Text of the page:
"This has been used, and used more and more," Cohn said. The state purchased a $450,000 vehicle about five years ago specifically for use at checkpoints.

Because police departments must provide advance notice of the checkpoints, roving patrols of officers looking for dangerous drivers are more effective, he said. On July 16, a Portsmouth police checkpoint on the Spaulding Turnpike stopped 339 cars and nobody was reportedly arrested for intoxication, Cohn said.

"It's working in the sense that we're not catching anyone," Cohn said. "There are other methods of solving this problem."

Jasper said in his experience as a Hudson selectman, the checkpoints are more effective than roving patrols, which take officers off the street for hours at a time as they book individual arrests. Peter Thomson, coordinator of the New Hampshire Highway Safety Agency, which doles out the federal funding for the checkpoints, said roving patrols are used alongside checkpoints in New Hampshire communities.

"While roving patrols are good, they're not as good as sobriety checkpoints in terms of time," Thomson said.

Rep. Al Baldasaro, a Londonderry Republican, said he would normally be in favor of protecting constitutional rights. But the Constitution also says men must surrender some of their natural rights in society to ensure the protection of others, he said. As someone often driving around after midnight, Baldasaro said he often sees cars swerving around and the checkpoints help keep drunken drivers in check.

"I'm on the streets all hours of the night - I just happen to be a bachelor who's got a girlfriend," Baldasaro said. "We've got some people out there who abuse the system."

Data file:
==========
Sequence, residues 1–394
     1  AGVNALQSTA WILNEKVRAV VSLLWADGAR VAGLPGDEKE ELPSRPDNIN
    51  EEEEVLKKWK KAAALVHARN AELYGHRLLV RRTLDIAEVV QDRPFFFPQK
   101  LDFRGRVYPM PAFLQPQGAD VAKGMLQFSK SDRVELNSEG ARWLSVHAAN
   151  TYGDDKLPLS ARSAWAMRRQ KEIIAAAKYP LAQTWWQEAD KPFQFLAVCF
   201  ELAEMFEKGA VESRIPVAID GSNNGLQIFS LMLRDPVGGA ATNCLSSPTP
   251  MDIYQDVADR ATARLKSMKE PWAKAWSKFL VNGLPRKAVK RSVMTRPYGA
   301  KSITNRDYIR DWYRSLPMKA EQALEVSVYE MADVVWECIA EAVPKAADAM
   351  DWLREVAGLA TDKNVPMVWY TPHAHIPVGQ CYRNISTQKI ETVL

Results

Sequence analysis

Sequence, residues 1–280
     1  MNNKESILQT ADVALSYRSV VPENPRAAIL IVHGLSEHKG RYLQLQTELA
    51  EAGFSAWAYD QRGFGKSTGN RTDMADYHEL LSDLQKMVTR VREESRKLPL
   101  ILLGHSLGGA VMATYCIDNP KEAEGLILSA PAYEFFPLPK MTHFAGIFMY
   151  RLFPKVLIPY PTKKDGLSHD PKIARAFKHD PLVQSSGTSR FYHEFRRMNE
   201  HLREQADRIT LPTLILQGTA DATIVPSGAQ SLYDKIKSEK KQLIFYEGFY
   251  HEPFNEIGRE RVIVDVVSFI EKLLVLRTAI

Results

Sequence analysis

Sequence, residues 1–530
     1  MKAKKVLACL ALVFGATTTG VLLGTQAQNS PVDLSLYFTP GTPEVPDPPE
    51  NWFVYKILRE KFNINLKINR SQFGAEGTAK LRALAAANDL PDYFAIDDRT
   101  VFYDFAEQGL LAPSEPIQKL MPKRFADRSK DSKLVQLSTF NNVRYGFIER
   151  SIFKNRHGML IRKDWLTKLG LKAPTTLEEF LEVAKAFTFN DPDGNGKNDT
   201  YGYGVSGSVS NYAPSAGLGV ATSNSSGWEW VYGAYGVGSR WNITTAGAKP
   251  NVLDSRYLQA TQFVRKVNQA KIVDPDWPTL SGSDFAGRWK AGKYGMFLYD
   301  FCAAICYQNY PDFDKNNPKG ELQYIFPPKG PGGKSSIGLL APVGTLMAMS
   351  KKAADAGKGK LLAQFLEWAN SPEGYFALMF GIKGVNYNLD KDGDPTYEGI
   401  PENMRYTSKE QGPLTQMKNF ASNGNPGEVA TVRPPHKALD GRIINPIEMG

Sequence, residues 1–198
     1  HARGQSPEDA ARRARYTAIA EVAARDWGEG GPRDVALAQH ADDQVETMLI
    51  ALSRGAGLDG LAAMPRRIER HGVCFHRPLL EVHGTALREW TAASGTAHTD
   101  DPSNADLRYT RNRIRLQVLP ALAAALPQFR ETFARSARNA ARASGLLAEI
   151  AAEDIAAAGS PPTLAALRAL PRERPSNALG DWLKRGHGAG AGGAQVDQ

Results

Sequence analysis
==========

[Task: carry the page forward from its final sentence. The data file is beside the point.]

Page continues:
Police officials at the state and local level also testified against the bill and argued roving patrols are inferior to checkpoints. Deputy Attorney General Ann Rice said the courts have found the checkpoints are constitutional, provided their scope is limited.

"We provide trainings so police officers know exactly what they have to do in order to comply" with the Constitution, Rice said. "If someone felt that a sobriety checkpoint was improper and was not a justifiable intrusion, they can challenge that in court."

Michael Iacopino, who sits on the board of directors of the New Hampshire Association of Criminal Defense Lawyers, argued in favor of the bill. Iacopino said when he turned 18, making him legal at the time to drink and drive, his father told him: "Just because you can, doesn't mean you should."

The same rule should apply to the Legislature, he said. Just because the courts have found the Constitution allows for sobriety checkpoints doesn't mean the state should have them.

"There's a greater issue in all the minutiae you've gotten into, and that is our right to be free from unreasonable seizures," Iacopino said.

(Matthew Spolar can be reached at 369-3309 or mspolar@cmonitor.com.)